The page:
UK Government to take in 3,000 unaccompanied child refugees from Europe

Half of the world's refugees are children

Scottish Refugee Council welcomes last night’s challenge by the Lords to the UK Government to let unaccompanied child refugees into the UK from Europe.

Yesterday, the House of Lords defeated the UK Government after peers voted to adopt an opposition amendment to the Immigration Bill to accept 3,000 separated children who are alone in Europe.

Arguing for the amendment, Lord Dubs said it would protect children from exploitation, people trafficking and abuse.

The peer – who arrived in the UK as a refugee on the Kindertransport, which helped children escape from the Nazis during World War Two – said the UK needed to show the same compassion.

"I would like other children who are in a desperate situation to be offered safety in this country and be given the same opportunities that I had," he told peers.

Campaigners, including Save the Children, have been calling for the UK Government to accept 3,000 children from Europe into the UK.

Gary Christie, Head of Policy and Communications at Scottish Refugee Council, said: “This amendment will safeguard the lives of 3,000 vulnerable children separated from their families and arriving in Europe from the Syrian conflict as well as from Iraq, Iran, Afghanistan and Vietnam. 

“In 2014 there were more than 24,000 unaccompanied children seeking asylum in the EU – nearly double that of the previous year.

“We have a duty to look after these children. This amendment is a welcome step to force the UK Government to share responsibility for the care and protection of these children, who are alone and vulnerable.”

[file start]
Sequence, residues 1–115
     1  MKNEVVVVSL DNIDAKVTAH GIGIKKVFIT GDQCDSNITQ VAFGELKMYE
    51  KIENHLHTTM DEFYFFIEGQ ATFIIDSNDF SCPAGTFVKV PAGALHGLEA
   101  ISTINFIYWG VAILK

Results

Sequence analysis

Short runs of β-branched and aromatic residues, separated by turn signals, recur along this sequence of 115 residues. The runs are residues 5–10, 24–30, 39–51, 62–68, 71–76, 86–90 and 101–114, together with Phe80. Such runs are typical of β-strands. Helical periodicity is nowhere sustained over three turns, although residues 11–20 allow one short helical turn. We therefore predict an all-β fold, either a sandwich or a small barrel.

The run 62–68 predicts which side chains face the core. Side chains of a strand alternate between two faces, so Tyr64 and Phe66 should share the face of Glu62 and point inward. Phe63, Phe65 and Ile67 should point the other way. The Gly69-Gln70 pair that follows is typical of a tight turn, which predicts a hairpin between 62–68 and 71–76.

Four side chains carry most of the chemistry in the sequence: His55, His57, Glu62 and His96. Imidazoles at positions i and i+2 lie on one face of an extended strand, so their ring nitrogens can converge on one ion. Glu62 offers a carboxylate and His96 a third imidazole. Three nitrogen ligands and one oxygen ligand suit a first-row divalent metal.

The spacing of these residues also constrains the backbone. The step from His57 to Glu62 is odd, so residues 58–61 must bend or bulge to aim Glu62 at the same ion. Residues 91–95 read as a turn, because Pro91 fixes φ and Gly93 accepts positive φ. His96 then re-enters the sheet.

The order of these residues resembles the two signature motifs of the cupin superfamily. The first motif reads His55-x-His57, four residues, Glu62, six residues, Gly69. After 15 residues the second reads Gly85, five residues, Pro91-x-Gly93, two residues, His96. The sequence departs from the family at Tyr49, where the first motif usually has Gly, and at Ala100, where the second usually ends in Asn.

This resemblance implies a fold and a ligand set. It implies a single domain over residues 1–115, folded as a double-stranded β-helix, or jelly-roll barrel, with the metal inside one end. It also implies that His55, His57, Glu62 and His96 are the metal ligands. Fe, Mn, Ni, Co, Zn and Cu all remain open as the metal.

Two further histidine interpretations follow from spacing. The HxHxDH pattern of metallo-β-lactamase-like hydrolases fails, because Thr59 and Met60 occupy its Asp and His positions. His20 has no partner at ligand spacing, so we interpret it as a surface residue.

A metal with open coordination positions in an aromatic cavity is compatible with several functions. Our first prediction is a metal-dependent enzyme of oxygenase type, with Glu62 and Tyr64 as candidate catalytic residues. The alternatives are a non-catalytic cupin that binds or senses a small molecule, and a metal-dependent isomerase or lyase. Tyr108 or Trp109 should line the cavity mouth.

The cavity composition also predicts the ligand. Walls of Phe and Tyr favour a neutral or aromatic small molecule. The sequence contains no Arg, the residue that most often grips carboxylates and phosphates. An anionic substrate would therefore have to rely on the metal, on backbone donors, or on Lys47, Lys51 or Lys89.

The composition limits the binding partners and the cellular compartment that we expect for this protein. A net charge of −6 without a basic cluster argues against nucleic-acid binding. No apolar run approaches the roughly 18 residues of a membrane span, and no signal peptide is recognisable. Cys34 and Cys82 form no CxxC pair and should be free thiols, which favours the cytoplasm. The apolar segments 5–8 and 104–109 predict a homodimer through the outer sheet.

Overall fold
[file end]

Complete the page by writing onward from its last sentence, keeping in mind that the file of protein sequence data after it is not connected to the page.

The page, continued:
The amendment will require UK Ministers to allow the children to come to the UK as soon as possible after the bill becomes law, and states that the relocation of the 3,000 children will be in addition to the resettlement of children under the Vulnerable Persons Relocation Scheme.

Home Office Minister Lord Bates said the amendment would not target those most in need and ministers may now seek to overturn the defeat when the bill returns to the Commons.

He said the UK Government was concentrating its efforts on helping Syrian refugees before they reach Europe and insisted no other country was doing more than the UK.

Lord Bates said 51% of the 1,000 Syrian refugees resettled in the UK - as part of the UK Government's pledge to take in 20,000 by 2020 - had been children.

He also said there was a shortage of foster carers and that it was hard to place refugee families with local authorities.

But the government's argument was not supported by the majority of the House, which voted by a margin of 102 to accept the amendment.

This is the fourth welcome defeat for the UK Government in the Lords on the Immigration Bill following opposition amendments allowing asylum seekers the right to work, and placing limits on indefinite immigration detention.

Scottish Refugee Council has criticised the bill, which will force asylum seeking children and their families into destitution. In addition, the bill provides no detail or scrutiny of many of the legislative provisions as they relate to Scotland.